Are Heavy-Duty Boxes Really Necessary?

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Are Heavy-Duty Boxes Really Necessary?

26 October 2015
 Categories: , Blog

If you're trying to pack up a lot of items like books, DVDs, and other items best suited for smaller boxes, you usually have a choice between getting regular boxes and heavy-duty boxes. The heavy-duty boxes are thicker and harder to bend, and they tend to cost more than regular boxes of the same size. So are they even necessary for most moves, or are they just a way for you to give away your money? Here's a look at why you might want to use heavy-duty boxes and when you really should use them.

Stacking (Boxes on) the Deck

The main advantage of using heavy-duty boxes is that they can withstand having more weight resting on top of them. The boxes are generally double-walled; a cross-section looks like two regular boxes stuck together. This extra width provides stability so that if you put several boxes in a stack, the sides on the lower boxes will be less likely to sag and crumple. That gives the items inside better protection against being crushed.

The other advantage is that you can place heavier items in the boxes without too much worry that the corner of one of the items will burst through the side or bottom of the box. Note that it's still possible for items inside to poke into the wall of the box -- they will just be less likely to poke all the way through because the walls are thicker.

When to Use Them

If you're just putting some regular paperback books into a small box, for example, a regular box could be fine. And if you're filling a few boxes with very light items and stacking the boxes, regular boxes may still work well because there won't be a lot of cumulative weight pressing down on the bottom boxes. But if you're planning to stack a bunch of boxes filled with heavy items on top of each other, you need the heavy-duty boxes.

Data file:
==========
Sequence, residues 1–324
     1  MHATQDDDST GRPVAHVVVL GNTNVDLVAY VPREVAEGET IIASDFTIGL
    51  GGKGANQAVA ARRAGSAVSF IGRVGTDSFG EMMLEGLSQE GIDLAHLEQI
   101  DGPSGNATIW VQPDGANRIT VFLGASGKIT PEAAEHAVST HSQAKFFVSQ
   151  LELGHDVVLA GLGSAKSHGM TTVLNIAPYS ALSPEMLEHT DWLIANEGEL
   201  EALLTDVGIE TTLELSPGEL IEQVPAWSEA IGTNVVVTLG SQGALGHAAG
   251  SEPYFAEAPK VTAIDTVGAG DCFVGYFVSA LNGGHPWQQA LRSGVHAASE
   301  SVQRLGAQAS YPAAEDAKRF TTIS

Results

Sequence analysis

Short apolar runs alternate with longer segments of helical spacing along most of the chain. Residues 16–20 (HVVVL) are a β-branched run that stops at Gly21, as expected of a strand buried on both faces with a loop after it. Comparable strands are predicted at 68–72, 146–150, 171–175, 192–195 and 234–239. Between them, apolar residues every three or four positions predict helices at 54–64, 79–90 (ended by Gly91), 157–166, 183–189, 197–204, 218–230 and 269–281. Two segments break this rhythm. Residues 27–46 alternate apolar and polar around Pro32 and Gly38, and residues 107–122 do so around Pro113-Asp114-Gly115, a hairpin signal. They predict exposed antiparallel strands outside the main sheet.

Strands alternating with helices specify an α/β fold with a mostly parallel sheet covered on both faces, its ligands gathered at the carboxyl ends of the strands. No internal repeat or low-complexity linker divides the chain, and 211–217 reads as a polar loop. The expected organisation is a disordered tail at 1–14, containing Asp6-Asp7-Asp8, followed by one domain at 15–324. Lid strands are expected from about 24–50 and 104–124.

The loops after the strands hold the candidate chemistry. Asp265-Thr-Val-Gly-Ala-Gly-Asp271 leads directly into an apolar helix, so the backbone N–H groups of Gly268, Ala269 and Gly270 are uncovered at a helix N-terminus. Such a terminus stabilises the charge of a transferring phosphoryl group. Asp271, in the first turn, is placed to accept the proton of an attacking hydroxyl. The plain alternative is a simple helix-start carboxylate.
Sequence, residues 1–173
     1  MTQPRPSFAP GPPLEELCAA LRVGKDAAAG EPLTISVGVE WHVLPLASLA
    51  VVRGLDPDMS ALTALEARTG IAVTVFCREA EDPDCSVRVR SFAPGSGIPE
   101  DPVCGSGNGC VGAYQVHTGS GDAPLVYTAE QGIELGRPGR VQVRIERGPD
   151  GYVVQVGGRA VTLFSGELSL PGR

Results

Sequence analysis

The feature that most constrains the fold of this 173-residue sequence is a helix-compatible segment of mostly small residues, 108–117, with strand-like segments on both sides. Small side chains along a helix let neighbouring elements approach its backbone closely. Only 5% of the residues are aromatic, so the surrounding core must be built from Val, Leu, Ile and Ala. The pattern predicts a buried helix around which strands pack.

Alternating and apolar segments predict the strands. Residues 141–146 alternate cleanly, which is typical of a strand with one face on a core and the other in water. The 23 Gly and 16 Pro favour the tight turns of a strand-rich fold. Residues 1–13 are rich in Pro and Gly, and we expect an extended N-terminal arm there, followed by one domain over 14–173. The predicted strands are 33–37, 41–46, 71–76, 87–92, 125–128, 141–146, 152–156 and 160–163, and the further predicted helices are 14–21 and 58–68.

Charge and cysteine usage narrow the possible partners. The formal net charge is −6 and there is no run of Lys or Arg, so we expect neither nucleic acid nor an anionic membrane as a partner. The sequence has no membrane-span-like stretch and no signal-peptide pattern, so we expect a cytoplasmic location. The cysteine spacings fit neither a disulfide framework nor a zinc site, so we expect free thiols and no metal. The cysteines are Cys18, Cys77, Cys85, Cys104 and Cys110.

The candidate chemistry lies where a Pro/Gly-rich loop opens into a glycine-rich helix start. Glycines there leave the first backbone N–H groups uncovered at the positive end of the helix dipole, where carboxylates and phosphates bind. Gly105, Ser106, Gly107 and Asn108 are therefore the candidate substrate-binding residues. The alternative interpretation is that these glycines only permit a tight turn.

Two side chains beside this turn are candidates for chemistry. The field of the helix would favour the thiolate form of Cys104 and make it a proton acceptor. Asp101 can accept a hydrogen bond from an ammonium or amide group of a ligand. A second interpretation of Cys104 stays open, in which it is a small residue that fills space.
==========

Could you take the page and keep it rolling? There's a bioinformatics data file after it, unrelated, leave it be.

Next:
Also, if the boxes are going in a vehicle where they will be knocked around, heavy-duty boxes are better. Items are less likely to be crushed if the boxes slide into each other.

Remember the Tape

Because heavy-duty boxes are thicker, they're also harder to fold, even along the crease lines for the flaps. You'll have to use more tape to keep the flaps secured. It also helps to use strapping or duct tape as a final layer to really keep the box together.

For more information, contact a moving company in your area.

About Me
Perfecting Your Moving Routine

When I realized that I would be moving every year or so for work, I knew that my family was going to have to get good at moving. The first few times we did it, things were disorganized and chaotic, but after streamlining a few procedures, things became much more manageable. We learned how to pack more efficiently, load trucks without a lot of extra work, and make the most of long road trips. This blog is all about helping your little family learn how to make moving more fun, so that you don't have to dread the next move.